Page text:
CENTRE for RUSSIAN and BRITISH ART and CULTURE
ЦЕНТР РОССИЙСКО-БРИТАНСКОЙ КУЛЬТУРЫ И ИСКУССТВА
Voronezh - Winchester
I just found out that Paul Hindemith wrote a piece for three Trautoniums (Trautonia? Trautonium? However you would pluralize it, the video won't embed.)
Here's a wikipedia article, and here's a demonstration of the instrument:
This is a longer video with more about the instrument. It's in German, but if you click on the cc icon you can see subtitles in German, which might help. Alfred Hitchcock makes a photo appearance regarding "The Birds" at 3:50, at 4:02 we get an interview with Harald Genzmer.
Vyacheslav Mescherin and his Elektronik Orchestra
With its twinkling synths, soaring theremins and surprisingly funky basslines there is nothing quite like the Soviet lounge music of Vyacheslav Mescherin and his Elektronik Orchestra.
The life and times of Vyacheslav Valerianovich Mescherin are shrouded in mystery, few concrete facts penetrate the miasma of doubt and confusion conjured in the Soviet era. We know that he fought for the Soviet Union in the Second World War and received the Order of the Red Star ‘for courage’, presumably for reasons of war rather than the composing of a kind of proto-muzak.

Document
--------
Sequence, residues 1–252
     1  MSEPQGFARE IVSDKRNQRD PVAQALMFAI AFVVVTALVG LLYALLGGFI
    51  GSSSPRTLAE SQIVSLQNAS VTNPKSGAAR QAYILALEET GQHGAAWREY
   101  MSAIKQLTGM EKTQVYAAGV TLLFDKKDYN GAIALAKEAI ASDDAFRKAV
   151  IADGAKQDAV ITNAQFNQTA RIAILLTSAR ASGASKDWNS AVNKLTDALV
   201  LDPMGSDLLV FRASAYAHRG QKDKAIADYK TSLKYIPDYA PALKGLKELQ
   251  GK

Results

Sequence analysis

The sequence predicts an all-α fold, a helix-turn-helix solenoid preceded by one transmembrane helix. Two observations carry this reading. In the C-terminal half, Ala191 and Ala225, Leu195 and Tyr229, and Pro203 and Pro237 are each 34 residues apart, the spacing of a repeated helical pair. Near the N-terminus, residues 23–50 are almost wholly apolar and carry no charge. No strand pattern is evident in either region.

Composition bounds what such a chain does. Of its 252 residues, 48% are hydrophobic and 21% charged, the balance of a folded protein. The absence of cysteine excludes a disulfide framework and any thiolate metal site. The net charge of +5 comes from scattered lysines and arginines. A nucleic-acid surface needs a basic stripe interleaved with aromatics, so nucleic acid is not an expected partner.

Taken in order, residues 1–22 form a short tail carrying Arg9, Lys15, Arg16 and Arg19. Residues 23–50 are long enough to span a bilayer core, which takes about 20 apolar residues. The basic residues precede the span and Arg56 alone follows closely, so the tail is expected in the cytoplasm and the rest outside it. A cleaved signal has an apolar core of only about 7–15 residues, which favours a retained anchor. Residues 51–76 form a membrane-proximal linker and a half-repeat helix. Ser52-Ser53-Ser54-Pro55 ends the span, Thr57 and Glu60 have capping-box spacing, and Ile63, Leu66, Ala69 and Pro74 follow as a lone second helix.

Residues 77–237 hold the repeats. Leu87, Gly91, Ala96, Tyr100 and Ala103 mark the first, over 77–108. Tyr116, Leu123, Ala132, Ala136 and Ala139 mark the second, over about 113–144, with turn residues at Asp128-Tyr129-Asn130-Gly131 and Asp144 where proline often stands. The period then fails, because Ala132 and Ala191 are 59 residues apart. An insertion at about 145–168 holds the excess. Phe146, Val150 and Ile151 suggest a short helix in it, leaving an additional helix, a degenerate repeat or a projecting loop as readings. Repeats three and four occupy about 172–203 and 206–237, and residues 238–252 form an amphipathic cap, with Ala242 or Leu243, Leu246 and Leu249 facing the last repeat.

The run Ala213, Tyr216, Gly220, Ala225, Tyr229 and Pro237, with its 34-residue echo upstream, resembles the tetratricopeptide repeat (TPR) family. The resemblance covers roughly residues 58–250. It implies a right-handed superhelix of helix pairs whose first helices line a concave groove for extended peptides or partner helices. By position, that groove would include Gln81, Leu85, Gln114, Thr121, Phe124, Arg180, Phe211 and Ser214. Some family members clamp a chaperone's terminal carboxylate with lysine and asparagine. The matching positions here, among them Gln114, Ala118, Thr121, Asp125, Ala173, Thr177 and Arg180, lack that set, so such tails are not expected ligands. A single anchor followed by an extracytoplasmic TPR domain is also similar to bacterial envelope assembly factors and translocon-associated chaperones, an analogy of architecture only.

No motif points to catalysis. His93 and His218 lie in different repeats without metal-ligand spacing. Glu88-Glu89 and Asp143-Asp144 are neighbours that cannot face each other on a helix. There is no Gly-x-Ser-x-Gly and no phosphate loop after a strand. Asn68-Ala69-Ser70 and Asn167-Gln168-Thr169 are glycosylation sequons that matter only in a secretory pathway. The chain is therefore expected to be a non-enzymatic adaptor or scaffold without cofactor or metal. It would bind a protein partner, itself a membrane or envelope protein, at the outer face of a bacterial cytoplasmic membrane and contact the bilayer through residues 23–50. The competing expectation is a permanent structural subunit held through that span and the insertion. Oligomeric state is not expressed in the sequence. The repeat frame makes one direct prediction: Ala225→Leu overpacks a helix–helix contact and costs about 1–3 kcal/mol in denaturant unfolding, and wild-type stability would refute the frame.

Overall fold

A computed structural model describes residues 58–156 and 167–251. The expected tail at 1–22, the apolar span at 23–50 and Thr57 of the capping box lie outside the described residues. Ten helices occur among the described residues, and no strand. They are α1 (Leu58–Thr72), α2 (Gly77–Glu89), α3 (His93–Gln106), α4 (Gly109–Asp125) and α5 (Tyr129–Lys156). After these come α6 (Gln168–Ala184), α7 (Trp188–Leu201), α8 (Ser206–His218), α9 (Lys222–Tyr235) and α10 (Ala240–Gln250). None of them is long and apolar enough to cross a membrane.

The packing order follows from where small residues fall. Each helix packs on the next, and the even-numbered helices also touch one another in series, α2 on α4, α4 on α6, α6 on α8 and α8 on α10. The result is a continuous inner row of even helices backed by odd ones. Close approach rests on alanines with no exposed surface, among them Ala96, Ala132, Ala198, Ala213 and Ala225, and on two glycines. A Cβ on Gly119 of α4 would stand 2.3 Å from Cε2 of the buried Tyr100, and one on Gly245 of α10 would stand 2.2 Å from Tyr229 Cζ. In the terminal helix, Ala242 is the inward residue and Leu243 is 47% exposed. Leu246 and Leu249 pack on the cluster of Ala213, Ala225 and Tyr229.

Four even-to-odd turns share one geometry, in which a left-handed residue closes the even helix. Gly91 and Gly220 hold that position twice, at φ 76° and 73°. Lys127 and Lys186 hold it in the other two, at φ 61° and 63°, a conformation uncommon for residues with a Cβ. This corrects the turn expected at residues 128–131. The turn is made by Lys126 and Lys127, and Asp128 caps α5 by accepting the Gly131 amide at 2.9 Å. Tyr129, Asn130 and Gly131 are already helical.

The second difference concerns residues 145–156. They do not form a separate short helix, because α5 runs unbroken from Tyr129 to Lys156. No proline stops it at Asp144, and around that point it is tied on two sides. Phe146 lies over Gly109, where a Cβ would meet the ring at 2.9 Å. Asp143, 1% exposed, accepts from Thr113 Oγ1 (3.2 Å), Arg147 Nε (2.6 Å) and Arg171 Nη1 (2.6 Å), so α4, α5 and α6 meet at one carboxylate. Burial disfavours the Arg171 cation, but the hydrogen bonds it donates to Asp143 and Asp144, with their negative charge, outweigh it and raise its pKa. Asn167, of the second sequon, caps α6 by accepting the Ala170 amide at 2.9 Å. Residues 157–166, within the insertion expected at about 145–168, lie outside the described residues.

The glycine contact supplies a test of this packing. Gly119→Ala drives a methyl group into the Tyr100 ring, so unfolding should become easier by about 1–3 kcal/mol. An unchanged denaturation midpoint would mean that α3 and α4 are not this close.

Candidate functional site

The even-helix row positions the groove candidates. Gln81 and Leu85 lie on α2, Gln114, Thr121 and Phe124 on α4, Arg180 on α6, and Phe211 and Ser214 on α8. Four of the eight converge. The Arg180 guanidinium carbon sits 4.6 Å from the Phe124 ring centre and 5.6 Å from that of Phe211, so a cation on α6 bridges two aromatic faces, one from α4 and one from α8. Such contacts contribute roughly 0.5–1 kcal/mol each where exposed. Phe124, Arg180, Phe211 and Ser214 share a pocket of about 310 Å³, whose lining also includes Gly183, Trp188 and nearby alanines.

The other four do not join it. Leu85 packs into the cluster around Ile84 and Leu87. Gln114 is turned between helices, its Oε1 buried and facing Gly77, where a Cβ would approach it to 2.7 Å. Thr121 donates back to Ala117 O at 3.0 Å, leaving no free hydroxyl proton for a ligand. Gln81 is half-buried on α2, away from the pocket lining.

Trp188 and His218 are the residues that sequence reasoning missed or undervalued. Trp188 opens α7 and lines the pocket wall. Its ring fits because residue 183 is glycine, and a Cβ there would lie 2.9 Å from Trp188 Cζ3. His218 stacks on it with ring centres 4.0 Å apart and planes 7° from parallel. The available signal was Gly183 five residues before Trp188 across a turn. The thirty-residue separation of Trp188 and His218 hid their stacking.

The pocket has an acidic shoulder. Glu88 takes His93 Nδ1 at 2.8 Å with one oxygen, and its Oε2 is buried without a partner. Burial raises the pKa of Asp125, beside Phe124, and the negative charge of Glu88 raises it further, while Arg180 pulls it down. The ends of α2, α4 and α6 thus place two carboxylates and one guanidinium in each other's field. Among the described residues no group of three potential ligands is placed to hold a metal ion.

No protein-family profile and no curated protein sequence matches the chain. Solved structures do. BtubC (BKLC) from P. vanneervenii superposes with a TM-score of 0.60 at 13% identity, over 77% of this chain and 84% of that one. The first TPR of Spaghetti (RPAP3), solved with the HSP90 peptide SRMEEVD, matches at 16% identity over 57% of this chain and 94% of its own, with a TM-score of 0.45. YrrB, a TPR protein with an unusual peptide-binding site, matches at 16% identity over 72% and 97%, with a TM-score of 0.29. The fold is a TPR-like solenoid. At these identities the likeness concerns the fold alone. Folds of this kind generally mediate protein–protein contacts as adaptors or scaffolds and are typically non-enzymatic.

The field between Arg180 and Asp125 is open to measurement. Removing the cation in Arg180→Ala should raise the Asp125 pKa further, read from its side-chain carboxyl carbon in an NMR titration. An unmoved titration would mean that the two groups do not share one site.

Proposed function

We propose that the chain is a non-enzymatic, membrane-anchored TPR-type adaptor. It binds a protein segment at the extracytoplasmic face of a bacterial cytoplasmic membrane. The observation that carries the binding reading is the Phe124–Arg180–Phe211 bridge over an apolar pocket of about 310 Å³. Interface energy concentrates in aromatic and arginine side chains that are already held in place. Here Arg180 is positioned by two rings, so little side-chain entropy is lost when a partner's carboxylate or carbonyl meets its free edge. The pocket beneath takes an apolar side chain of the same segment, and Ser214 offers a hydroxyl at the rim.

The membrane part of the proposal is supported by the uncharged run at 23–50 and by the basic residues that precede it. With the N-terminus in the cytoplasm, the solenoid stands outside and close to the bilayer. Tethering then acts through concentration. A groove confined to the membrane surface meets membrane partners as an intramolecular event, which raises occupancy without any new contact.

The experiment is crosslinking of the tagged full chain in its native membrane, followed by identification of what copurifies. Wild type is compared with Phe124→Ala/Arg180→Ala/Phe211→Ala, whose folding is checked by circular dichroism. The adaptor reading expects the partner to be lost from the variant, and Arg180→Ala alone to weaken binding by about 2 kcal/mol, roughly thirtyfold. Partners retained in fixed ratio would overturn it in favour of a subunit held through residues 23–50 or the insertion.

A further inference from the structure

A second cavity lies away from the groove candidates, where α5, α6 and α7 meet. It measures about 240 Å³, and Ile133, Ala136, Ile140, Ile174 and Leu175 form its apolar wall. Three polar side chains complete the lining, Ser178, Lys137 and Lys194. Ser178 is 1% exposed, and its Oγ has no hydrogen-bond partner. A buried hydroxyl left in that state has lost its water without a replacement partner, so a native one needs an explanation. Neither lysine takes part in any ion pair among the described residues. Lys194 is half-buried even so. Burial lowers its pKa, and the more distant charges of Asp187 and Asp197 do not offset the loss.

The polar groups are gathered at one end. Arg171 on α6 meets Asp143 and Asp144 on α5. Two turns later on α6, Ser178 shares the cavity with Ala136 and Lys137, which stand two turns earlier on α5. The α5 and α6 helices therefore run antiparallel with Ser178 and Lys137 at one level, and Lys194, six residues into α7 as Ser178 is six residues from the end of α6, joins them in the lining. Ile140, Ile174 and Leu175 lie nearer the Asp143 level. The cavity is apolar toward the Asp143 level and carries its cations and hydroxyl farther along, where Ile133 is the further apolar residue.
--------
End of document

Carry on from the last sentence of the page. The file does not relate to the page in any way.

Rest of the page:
We know that a young Vyacheslav put his warring days behind him by enrolling at Gnessin State Musical College before working in public radio broadcasting. The details are especially hazy at this point so let’s fast-forward to 1957 when Mescherin founded the orchestra that would bear his name, the (ahem…) Vyacheslav Mescherin Orchestra. Despite its conventionally dull name this was from its outset no ordinary orchestra. Armed with a plurality of electronic instruments including accordions, violins and mandolins to be played alongside Russian synthesisers and the mighty theremin (only the drums were acoustic), the orchestra scored an immediate hit with a futuristic adaptation of an Estonian folk song ‘On the Kolkhoz Poulty Farm’. The song was soon adopted as the theme tune for the popular 1970s Soviet children’s cartoon ‘The Wolf and the Hare’. To this day if you hum its wobbly tune in the company of any Russians over the age of 40 you’re likely to be greeted with a chorus of nostalgic chirruping.